33. Clownface*

    I really doubt it is anything to do with the OP’s looks and I feel a bit dismayed that she says women are judged mainly on appearance.

    I’ve noticed a bit of a trend recently with female applicants asking about makeup, or saying they don’t wear makeup. I think here in the UK the vast majority of women wear makeup, many everyday but definitely for job interviews.

    Personally I don’t think people really notice (unless you make a hash of it, in which case they likely would notice that) but it is quite uncommon to wear makeup to work in the US? I’m just being curious I guess… sorry if it’s off topic!

    1. Anonymous*

      I’d say it is uncommon not to wear any makeup at all; however, I wear very little on a daily basis only some powder with a little bit of color on top of moisturizer and I don’t carry the compacts, etc around to reapply it throughout the day so its probably like I am wearing none by the end of the day.

      That said, I also live in the southern US and it is hot and humid. Any heavy makeup will melt away in sweat quickly outdoors so that’s generally a bad idea. Seriously I worked up a sweat in the couple of minutes it took me to get from my car to the office this morning despite it being unusually cool and dry. In the winter when it’s cooler, I may wear a bit more makeup, but once you get in the habit of only a little, it’s hard to add tasks and time to morning preparations.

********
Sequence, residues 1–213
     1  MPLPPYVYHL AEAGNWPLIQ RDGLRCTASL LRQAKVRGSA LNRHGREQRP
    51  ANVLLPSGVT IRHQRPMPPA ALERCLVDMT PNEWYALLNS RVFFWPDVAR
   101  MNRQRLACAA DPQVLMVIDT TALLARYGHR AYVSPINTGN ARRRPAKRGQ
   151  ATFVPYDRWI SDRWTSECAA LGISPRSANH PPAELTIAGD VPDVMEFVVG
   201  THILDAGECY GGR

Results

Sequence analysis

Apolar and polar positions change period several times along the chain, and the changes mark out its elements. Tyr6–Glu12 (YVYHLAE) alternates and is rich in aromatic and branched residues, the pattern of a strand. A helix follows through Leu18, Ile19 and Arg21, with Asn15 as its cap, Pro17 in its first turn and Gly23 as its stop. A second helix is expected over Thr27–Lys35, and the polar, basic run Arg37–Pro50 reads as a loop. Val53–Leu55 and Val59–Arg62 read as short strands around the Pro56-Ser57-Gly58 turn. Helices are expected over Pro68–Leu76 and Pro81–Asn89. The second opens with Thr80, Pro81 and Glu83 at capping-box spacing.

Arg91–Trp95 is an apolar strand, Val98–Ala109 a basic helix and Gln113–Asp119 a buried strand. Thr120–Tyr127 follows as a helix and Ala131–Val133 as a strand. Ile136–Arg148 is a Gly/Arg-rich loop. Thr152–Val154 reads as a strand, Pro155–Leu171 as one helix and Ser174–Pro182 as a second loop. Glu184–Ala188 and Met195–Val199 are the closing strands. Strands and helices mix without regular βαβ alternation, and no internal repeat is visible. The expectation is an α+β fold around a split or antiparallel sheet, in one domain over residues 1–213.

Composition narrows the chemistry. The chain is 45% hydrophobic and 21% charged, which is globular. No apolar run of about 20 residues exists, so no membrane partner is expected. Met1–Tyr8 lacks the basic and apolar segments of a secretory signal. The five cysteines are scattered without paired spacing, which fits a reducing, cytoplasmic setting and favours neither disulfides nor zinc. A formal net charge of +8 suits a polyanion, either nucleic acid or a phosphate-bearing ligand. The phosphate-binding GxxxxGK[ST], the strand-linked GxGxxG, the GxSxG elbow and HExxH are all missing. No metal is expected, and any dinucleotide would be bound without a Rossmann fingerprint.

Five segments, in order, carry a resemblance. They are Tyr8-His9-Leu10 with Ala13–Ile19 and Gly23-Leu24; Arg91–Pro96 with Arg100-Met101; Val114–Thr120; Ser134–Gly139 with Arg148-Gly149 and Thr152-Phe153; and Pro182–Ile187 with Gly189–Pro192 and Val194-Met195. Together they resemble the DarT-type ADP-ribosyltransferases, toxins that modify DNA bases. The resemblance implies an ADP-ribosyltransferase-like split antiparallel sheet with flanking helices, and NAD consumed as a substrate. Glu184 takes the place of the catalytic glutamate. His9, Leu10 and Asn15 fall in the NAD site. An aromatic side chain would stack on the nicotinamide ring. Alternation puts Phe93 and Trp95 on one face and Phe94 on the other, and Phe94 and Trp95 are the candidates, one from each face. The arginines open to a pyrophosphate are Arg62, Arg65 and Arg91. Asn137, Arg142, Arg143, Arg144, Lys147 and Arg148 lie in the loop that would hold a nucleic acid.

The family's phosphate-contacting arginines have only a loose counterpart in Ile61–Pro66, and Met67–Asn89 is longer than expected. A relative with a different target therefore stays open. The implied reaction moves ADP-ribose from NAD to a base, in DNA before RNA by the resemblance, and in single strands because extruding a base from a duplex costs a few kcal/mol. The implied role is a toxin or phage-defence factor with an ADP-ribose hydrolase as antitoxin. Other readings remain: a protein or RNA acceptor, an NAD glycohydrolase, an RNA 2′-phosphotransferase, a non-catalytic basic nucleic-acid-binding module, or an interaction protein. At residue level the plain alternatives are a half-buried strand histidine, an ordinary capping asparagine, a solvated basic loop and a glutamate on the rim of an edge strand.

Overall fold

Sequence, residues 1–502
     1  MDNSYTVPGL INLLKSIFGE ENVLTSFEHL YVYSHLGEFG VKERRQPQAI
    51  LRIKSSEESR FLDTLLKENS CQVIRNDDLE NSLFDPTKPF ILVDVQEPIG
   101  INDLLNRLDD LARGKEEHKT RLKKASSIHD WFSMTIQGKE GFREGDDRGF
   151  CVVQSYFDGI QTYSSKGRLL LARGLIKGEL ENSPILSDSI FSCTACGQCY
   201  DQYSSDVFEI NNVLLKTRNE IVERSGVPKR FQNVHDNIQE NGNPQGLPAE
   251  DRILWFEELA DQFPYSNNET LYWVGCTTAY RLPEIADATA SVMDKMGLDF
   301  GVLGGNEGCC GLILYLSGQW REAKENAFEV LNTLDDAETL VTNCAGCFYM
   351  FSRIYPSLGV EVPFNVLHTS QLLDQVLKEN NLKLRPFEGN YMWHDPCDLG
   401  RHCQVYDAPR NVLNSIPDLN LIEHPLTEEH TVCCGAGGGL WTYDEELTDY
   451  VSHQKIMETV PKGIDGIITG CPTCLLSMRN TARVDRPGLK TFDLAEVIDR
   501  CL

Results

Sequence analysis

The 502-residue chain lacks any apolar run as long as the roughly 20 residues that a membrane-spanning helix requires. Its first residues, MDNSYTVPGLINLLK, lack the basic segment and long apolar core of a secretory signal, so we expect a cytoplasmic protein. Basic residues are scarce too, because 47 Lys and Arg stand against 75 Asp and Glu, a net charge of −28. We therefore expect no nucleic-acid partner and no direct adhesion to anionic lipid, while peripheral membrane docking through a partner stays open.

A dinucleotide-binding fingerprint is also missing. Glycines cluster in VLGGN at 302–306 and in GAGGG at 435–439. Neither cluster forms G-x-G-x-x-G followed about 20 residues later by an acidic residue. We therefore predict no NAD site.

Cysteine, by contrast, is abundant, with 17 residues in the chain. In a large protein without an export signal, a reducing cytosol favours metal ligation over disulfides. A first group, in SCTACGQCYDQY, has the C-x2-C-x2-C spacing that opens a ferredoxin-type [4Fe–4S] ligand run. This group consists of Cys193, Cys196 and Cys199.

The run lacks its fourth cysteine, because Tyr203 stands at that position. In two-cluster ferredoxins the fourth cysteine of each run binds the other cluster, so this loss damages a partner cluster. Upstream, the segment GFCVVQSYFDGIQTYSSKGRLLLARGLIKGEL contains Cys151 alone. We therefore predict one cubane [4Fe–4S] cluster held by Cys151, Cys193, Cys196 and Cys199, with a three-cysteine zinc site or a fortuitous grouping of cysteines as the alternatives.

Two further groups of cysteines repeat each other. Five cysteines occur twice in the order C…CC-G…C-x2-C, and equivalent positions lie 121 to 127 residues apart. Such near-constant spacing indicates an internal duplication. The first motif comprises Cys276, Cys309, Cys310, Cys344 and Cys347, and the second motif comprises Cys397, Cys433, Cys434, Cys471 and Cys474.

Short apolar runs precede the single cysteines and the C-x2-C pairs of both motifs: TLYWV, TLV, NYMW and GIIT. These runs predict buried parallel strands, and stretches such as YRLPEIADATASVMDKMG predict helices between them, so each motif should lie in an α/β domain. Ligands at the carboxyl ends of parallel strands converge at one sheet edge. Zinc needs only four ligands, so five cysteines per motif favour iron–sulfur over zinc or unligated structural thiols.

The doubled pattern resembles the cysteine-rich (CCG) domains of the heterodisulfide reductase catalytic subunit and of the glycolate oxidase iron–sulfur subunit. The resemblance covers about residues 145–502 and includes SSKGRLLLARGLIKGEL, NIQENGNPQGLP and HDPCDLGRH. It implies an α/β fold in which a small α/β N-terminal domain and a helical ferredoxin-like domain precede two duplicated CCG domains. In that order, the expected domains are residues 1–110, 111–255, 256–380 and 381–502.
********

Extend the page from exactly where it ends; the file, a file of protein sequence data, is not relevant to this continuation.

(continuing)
1. Clownface*

        Ha, me too. Put some on in the morning (less than I used to, I really cannot spare the time to do a full on painting unless there’s a very important external meeting or awards or some such thing) and it’s probably gone by the end of the day. Who feels the need to reapply every hour? Actually, don’t answer that. One girl at my previous workplace had to be reprimanded for doing just that!

    2. KellyK*

      It seems somewhat uncommon to go without any makeup at all. Most of what I see in my workplace is pretty subtle makeup, but I’m probably one of the few women who usually wears none.